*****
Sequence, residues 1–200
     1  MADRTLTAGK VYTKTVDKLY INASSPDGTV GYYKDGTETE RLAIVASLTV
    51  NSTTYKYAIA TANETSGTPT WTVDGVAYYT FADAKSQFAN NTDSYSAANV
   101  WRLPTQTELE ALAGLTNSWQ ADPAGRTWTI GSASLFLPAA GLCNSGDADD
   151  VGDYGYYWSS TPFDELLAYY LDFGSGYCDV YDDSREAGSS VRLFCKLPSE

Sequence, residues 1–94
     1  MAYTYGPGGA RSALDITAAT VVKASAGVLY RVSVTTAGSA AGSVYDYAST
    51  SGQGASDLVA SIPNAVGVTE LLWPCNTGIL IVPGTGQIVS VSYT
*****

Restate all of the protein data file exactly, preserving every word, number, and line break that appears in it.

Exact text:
Sequence, residues 1–200
     1  MADRTLTAGK VYTKTVDKLY INASSPDGTV GYYKDGTETE RLAIVASLTV
    51  NSTTYKYAIA TANETSGTPT WTVDGVAYYT FADAKSQFAN NTDSYSAANV
   101  WRLPTQTELE ALAGLTNSWQ ADPAGRTWTI GSASLFLPAA GLCNSGDADD
   151  VGDYGYYWSS TPFDELLAYY LDFGSGYCDV YDDSREAGSS VRLFCKLPSE

Sequence, residues 1–94
     1  MAYTYGPGGA RSALDITAAT VVKASAGVLY RVSVTTAGSA AGSVYDYAST
    51  SGQGASDLVA SIPNAVGVTE LLWPCNTGIL IVPGTGQIVS VSYT